Repeatedly singing your favorite pop songs with an open throat will cause you to damage your voice because the chest voice is not meant to be pushed past that break. This chest resonance is part of the classical technique and is meant to be used for the bottom parts, the beefier lower notes of classical and opera music. That’s where that lift and open sound is appropriate in that particular range in your voice.
Anything above that break is in your head voice. And in contemporary singing, no one wants to be in their head voice. You don’t want to be in your chest voice either because it has limitations. Your chest voice can’t go very high. If you go past it, you’re going to run into vocal health issues.
Other Options (The Mix & Belt Techniques)
If singing with an open throat and using your head voice and chest voice are only reserved for classical singing, then how should you sing contemporary music?
To sing contemporary music, you have to learn contemporary technique—which does NOT include openness, or chest, or head, or breaks.
Let me tell you a quick story about Anna.
Anna, a singer, songwriter, and cover artist was part of my 2018 Vocal Health Case Study where she joined to learn how to overcome the vocal fatigue she was experiencing. Before participating in my case study, she had adjusted her voice and body to singing with limitations.
The first time I heard her sing, I spotted her problem immediately. She was trying to sing pop and country songs with an open throat, making space in the back of her throat.
In that case study, I taught Anna and four other students how to sing using the contemporary techniques of Mix, Belt, and Mix Like Belt (an additional technique I invented).
When I showed Anna what to do instead of making all that space in the back of her throat, the notes were suddenly no longer a struggle. She found that she could sing a whole set without feeling any fatigue at all. It opened up this whole library of songs that she couldn’t sing before.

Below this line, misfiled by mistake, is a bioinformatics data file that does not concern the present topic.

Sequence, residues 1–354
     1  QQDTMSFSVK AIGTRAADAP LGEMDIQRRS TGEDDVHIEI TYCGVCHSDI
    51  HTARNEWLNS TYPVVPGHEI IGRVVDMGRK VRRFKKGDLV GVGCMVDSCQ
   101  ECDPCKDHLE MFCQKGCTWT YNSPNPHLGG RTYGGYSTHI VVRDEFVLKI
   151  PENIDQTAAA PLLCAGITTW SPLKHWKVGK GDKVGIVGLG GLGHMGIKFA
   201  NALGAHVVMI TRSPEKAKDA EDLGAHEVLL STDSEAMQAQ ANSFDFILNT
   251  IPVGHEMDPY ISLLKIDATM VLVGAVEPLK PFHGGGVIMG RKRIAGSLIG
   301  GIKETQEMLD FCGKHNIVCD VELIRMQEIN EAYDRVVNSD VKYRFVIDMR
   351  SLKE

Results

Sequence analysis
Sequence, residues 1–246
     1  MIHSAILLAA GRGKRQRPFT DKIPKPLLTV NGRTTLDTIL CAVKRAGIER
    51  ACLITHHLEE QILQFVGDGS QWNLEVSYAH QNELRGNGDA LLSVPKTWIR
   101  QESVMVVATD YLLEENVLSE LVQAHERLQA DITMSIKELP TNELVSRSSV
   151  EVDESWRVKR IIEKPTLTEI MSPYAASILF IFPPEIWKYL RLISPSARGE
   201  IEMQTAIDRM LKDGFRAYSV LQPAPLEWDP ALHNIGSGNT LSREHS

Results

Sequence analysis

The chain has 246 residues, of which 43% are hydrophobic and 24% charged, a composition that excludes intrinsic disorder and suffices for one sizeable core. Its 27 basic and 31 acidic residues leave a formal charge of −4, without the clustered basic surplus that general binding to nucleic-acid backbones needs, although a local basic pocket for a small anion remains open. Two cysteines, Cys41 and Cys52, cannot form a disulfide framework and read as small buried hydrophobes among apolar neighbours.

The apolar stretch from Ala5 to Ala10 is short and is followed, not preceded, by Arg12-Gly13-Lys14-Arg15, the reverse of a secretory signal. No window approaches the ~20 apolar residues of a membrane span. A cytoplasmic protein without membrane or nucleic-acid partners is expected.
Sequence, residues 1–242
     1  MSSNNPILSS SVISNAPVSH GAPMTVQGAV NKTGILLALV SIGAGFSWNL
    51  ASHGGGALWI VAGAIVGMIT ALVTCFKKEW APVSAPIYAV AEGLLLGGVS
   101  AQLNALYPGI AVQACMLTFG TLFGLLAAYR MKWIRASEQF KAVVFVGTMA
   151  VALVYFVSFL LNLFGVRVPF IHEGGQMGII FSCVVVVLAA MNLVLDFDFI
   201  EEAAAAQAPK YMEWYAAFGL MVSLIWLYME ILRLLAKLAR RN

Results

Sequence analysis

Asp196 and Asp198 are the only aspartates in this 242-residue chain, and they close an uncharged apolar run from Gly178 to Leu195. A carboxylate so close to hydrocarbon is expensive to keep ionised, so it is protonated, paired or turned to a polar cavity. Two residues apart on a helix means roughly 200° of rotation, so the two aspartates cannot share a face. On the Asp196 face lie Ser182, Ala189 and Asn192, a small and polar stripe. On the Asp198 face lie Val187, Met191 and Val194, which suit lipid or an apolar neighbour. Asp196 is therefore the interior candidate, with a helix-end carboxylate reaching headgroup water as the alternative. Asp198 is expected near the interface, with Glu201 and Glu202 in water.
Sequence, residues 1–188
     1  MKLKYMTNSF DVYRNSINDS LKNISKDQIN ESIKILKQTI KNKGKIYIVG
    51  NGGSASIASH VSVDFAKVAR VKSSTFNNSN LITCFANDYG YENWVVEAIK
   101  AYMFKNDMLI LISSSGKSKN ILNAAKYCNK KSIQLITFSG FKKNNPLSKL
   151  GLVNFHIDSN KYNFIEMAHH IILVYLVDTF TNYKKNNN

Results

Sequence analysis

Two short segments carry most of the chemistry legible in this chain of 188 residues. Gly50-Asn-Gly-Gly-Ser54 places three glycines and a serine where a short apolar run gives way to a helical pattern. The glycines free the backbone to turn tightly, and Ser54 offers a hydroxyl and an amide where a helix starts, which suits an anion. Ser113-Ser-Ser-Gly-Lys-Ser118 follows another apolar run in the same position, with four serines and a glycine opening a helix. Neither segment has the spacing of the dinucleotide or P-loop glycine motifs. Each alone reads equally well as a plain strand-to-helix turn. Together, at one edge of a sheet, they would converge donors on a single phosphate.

This is the result of matching your singing technique to the music you want to sing.
What feedback would you give singers about learning Katti Power’s Unlimited Vocal Health™ method?
[Unlimited Vocal Health™] will help them reach heights of their voice and self care to their voice so they can sing whenever they want.
Anna2018 Sing Without Limits Vocal Health Case Study Participant
Learn Contemporary Singing Technique
If you’re struggling to reach high notes or sing the songs you want to sing without feeling tired or sore, then you might be following this myth of singing with an open throat.
My recommendation is to learn contemporary singing techniques if you want to sing contemporary songs with ease.
The best place to start would be to grab a copy of my international bestselling book, Never Lose Your Voice Again: The SECRET To Unlimited Vocal Health™ for Singers, Actors, and Speakers.
In this book, I lay out everything you need to know about singing with healthy and contemporary vocal techniques so that you can sing healthily, powerfully, and without limits to range, vocal breaks, power, style, or endurance.
Download a FREE Chapter of Never Lose Your Voice Again
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So there you have it—the TRUTH about singing with an open throat.